Molly’s Game: High-Stakes Production

Cinematographer Charlotte Bruus Christensen.
Screenwriter Aaron Sorkin entrusted cinematographer Charlotte Bruus Christensen to shoot his feature directorial debut, about a woman who flourished in the male-dominated world of poker — and ran afoul of the FBI.

Unit photography by Michael Gibson, courtesy of STX Entertainment

Molly Bloom (Jessica Chastain) sees a bright future. A downhill skier coached by her tough father Larry (Kevin Costner), she plans to compete at the Olympics before moving on to Harvard Law. But in an instant a career-ending injury dashes her dreams. Needing some time to figure things out, she heads to Los Angeles and soon takes a job as assistant to unsavoury real-estate agent Dean Keith (Jeremy Strong), whose real preoccupation is his weekly poker game frequented by Hollywood stars, pro athletes, politicians and millionaire businessmen.

A quick study, Molly soon runs the games, but her growing power threatens her boss. Tired of his abuse, she takes off with his contact list and starts her own game. But when it gets shut down by a vindictive actor known simply as Player X (Michael Cera), she launches an even higher-stakes game in New York City. She soon gets into trouble, however, by extending too much credit and getting inadvertently tied up with the Russian mob.

The FBI subsequently arrests the so-called "poker princess," whose only hope of avoiding jail lies with lawyer Charlie Jaffey (Idris Elba), who is reluctant to take her case. He ultimately agrees to go to bat for her, persuaded by her otherwise ethical behaviour. But she doesn't make it easy on herself when she refuses the feds' offer of complete immunity if she hands over the records of who sat at her tables, knowing it would ruin their lives.   

Molly Bloom (Jessica Chastain) and somewhat reluctant lawyer Charlie Jaffey (Idris Elba) make their plea.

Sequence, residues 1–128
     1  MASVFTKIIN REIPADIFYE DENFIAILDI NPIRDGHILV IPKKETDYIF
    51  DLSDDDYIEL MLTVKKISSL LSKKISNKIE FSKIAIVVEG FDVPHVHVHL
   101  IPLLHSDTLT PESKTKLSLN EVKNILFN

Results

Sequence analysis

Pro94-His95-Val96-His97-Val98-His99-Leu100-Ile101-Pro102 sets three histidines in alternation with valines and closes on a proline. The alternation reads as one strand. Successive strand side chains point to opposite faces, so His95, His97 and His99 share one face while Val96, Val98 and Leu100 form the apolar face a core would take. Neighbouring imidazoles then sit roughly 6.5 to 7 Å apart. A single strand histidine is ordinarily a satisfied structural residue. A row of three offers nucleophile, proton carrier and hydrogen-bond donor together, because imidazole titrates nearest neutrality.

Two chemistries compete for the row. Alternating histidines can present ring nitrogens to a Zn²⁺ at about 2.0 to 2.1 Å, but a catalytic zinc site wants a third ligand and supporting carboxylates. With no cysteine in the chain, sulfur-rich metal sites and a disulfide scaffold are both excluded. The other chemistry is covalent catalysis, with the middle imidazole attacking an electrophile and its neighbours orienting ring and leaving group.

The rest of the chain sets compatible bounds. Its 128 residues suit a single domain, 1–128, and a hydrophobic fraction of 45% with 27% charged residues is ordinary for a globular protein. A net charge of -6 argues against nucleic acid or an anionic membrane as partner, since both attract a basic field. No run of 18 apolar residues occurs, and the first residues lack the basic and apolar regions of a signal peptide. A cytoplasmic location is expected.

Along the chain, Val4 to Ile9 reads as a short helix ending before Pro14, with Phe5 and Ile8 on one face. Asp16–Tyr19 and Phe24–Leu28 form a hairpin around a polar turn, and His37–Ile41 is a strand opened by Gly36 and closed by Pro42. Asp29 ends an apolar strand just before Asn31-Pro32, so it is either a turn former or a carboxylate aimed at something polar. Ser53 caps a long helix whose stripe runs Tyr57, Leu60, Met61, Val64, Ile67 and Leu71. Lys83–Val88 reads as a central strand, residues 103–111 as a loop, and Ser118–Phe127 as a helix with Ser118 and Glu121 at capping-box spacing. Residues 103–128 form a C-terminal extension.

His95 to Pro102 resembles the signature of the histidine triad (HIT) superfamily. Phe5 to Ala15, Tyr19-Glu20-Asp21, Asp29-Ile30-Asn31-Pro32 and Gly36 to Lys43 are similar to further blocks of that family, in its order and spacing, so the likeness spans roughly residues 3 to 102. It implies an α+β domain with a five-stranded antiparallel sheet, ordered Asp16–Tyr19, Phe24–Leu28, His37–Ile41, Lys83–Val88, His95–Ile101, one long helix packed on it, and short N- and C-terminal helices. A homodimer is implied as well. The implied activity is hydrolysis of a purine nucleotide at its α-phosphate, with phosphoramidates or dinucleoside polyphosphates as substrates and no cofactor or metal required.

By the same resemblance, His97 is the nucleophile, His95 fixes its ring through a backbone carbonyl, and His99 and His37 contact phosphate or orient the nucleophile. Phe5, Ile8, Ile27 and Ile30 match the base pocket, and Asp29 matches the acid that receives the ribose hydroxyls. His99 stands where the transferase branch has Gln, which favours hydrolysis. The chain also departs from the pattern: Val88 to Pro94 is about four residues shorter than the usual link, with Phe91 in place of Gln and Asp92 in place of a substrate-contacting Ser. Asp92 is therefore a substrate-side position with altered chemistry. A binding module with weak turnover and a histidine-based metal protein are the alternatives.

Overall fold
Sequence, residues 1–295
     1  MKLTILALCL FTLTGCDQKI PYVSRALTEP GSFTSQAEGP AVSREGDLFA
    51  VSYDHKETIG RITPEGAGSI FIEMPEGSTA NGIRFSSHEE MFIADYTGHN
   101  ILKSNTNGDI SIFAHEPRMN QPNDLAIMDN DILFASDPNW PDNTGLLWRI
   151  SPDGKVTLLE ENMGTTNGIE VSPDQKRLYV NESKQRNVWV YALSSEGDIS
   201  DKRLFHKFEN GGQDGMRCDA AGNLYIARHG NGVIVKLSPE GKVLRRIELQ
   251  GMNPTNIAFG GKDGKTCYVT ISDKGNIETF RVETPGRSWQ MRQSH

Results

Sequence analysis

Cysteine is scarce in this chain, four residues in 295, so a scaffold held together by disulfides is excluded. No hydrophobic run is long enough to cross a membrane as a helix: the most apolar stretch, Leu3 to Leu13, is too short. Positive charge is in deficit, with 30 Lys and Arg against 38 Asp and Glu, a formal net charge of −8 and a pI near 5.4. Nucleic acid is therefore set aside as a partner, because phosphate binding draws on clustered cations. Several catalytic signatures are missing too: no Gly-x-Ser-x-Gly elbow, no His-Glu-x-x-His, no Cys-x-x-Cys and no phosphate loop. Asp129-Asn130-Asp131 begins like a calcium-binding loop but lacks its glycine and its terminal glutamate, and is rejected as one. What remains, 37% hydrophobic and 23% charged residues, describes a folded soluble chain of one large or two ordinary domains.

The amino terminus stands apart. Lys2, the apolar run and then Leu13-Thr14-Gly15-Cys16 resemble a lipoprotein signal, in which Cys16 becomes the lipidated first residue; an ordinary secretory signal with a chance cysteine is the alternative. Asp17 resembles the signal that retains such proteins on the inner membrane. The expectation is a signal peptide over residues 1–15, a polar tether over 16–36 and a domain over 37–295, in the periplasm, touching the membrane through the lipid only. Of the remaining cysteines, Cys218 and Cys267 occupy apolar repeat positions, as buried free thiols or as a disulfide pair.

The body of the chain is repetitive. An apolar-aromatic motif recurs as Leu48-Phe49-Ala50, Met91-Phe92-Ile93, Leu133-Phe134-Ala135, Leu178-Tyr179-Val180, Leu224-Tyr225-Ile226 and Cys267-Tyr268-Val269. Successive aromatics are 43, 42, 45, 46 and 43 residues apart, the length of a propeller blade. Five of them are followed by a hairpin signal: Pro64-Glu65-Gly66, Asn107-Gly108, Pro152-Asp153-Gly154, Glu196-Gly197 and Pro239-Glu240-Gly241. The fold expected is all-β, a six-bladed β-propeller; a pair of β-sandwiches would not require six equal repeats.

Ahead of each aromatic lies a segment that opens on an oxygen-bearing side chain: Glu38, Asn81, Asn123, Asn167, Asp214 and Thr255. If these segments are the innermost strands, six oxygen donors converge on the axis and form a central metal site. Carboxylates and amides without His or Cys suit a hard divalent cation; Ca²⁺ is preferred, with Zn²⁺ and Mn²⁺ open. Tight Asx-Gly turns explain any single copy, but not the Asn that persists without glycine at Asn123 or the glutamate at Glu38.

Based on a true story, Molly's Game was adapted from Bloom's memoir of the same name by screenwriter Aaron Sorkin (A Few Good Men, The West Wing). He also makes his directorial debut, which made his choice of director of photography especially important. In the end, he decided to collaborate with Charlotte Bruus Christensen, who came recommended by producer Scott Rudin, who had hired her on the Academy Award-winning Fences (2016; see AC Jan., ’17).

Molly's Game shot in Toronto between November of 2016 and February of 2017 and made its world premiere at the Toronto International Film Festival in September. At a post-screening press conference, Sorkin humbly offered, "I really have no visual sensibility. I hear movies more than I can see them, so I relied heavily on Charlotte, who is a wonderful cinematographer and who was also patient with somebody who — in 25 years of [working in production] — has picked up none of the science of filmmaking."

Writer-director Aaron Sorkin.

In a later interview with AC, Christensen laughs at her director's modesty. "Aaron's a very confident filmmaker," the Danish DOP says from New York, shortly after wrapping horror tale A Quiet Place with director/star John Krasinski. "He knows what he can do and has no ego in terms of trying to be everything. He gave me directions for the overall feel, and when it came to technically achieving that, he left it totally to me."